The most widely used contracts for construction

One of the most frequently encountered risks in civil engineering construction is that the ground conditions met during construction will not be as expected, because trial boreholes and test pits cannot reveal the nature of every cubic metre below ground level. This means that quantities of excavation, filling, rock removal and concrete, etc., for such as the foundation of structures or laying of pipelines actually found necessary may differ from those estimated.

The risk that the promoter will need changes also arises from the relatively long time it takes, often 2 years or more, to get a civil engineering project designed and constructed. During this time it is always possible for newer processes or equipment to be developed which the promoter needs to incorporate in the works, or there may be revised forecasts of demand for the project output.

The traditional way of dealing with these risks of change is for the design of the works to be completed first, and then to produce a construction contract for which civil engineering contractors are invited to tender. The price bidders tender for such a contract is based on a bill of quantities which lists the estimated quantities of each type of work to be done, taken off (i.e. measured) from the completed drawings of the works required. Against each item a contractor bids his price per unit quantity thereof, and these, multiplied by the estimated quantity of work to be done under each item, when totalled form the Contract Sum. This system permits the contractor to be paid pro rata to the amount of work he actually does under each item, and also eases valuation of the payment due to the contractor for executing changes to the design of the works during construction to overcome some unforeseen difficulty or make an addition.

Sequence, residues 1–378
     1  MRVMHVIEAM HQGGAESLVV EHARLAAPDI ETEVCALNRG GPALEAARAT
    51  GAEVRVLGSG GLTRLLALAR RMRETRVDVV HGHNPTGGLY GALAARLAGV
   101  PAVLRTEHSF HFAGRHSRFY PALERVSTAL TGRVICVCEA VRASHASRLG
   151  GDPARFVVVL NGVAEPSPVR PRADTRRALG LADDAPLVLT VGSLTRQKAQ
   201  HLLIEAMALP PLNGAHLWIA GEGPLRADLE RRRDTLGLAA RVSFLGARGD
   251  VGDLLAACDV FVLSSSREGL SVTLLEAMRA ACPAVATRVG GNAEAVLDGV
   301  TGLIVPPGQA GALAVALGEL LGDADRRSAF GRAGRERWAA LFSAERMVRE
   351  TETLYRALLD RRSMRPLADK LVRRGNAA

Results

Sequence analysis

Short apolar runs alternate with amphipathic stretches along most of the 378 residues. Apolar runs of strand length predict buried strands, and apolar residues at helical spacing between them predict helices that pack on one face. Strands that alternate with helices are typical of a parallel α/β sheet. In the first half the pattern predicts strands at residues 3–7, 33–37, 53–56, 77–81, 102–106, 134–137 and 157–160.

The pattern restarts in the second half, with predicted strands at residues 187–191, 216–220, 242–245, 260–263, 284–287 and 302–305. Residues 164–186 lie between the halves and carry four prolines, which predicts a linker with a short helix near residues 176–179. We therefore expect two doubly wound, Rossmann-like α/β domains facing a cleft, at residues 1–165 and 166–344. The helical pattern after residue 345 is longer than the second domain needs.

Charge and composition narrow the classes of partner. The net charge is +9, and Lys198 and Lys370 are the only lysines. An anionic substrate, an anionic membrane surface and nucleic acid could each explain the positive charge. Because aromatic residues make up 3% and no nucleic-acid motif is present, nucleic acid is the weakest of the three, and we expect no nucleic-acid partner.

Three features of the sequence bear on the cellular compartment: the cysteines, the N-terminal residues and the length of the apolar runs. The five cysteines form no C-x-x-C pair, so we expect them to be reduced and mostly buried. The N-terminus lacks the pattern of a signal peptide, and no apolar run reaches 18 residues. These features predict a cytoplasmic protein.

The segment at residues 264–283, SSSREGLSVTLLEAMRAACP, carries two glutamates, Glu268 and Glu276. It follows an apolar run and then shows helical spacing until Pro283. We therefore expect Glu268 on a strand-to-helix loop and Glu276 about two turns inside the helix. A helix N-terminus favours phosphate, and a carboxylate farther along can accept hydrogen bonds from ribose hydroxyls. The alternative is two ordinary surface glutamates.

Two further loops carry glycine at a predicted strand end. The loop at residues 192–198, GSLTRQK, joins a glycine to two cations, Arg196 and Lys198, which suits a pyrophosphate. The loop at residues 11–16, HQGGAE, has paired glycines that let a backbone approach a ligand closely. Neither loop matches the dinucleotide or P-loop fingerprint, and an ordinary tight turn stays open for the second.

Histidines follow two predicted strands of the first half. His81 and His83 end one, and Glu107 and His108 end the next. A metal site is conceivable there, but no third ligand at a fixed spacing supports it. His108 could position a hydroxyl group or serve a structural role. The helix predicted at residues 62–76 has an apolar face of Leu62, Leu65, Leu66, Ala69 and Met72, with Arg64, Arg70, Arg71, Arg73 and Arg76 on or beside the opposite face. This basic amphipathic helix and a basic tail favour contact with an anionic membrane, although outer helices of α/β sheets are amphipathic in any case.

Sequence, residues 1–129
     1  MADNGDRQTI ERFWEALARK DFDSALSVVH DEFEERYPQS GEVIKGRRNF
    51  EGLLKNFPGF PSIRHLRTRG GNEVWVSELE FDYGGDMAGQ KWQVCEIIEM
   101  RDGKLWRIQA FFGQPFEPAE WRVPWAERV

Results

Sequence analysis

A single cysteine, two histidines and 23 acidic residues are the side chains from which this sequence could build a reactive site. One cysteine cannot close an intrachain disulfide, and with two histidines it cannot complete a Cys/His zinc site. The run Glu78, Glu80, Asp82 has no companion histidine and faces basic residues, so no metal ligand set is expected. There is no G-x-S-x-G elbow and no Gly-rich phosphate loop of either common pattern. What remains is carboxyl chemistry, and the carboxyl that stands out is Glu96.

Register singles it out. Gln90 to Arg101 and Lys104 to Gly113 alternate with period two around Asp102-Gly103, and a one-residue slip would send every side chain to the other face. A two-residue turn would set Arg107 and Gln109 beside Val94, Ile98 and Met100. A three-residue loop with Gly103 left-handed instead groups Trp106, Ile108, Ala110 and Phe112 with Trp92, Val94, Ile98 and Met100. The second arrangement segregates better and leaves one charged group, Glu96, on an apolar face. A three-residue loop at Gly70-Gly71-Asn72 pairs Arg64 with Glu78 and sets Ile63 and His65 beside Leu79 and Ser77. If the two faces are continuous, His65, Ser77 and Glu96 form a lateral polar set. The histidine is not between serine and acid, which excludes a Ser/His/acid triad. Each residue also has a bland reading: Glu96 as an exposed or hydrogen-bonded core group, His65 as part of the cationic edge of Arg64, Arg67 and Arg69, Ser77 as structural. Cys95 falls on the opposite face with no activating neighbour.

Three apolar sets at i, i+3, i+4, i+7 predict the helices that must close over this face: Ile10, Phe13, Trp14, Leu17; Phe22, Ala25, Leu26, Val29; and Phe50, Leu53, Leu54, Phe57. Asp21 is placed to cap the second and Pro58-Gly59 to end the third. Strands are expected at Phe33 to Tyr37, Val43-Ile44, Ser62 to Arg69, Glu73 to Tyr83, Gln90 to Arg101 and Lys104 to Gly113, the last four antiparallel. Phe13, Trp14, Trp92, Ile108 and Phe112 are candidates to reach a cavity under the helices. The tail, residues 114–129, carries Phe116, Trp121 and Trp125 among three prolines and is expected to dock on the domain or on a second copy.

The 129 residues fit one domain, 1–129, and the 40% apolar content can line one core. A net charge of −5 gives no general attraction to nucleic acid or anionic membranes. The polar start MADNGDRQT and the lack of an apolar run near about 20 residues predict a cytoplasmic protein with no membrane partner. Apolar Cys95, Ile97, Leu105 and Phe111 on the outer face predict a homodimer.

The promoter can thus make reasonably small alterations or additions to

the works required during the construction period provided these are not so extensive as to change the nature of the contract.

A standard form of contract using the bill-of-quantities method, was first introduced by the UK Institution of Civil Engineers in 1945. This standard form, known as the ICE Conditions became very widely used, and in the 7th edition is known as the Measurement Version. Asimilar form of contract, known as the FIDIC Conditions, was developed by the International Federation of Consulting Engineers for worldwide use.

Abasic provision of both these standard forms is that the contract between the promoter and the contractor for construction of the works, is administered by an independent third party the Engineer who has the responsibility of seeing that the provisions of the contract are fairly applied to both promoter and contractor. The Engineer1 has power to ensure the contractors work is as the contract requires and issues certificates stating how much the promoter is obligated to pay under the terms of the contract. This avoided the bias that might occur if either the promoter or contractor decided these matters. The great majority of all civil engineering projects undertaken by British engineers in the UK and elsewhere have been, and still are, constructed satisfactorily under the ICE or FIDIC Conditions. However, other methods are also commonly used to meet special requirements as shown below, and the ICE and FIDIC have developed other standard forms for such purposes.

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